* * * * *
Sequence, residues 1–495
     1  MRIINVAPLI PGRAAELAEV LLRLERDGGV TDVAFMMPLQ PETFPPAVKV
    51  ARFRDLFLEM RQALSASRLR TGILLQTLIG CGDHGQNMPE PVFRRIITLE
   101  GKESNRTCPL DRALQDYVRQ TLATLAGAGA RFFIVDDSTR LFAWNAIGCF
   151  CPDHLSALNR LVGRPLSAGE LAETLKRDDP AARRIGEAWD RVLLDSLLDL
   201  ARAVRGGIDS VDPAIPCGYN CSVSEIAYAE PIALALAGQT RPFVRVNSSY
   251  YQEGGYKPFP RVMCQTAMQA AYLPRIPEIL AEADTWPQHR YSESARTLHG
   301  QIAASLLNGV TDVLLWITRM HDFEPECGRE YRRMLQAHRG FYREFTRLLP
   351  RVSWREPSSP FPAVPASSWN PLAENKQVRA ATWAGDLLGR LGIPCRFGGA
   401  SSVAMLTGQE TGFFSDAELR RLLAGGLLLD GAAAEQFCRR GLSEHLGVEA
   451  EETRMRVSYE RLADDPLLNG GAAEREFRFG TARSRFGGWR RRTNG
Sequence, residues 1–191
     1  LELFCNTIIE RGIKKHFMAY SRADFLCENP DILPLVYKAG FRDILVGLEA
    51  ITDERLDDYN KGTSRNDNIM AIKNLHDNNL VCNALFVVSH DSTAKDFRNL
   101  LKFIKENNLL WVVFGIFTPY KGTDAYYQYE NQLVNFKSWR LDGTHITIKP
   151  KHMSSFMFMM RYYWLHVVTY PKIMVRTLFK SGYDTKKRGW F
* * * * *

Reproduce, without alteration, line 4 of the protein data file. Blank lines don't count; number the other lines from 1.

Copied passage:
   101  GKESNRTCPL DRALQDYVRQ TLATLAGAGA RFFIVDDSTR LFAWNAIGCF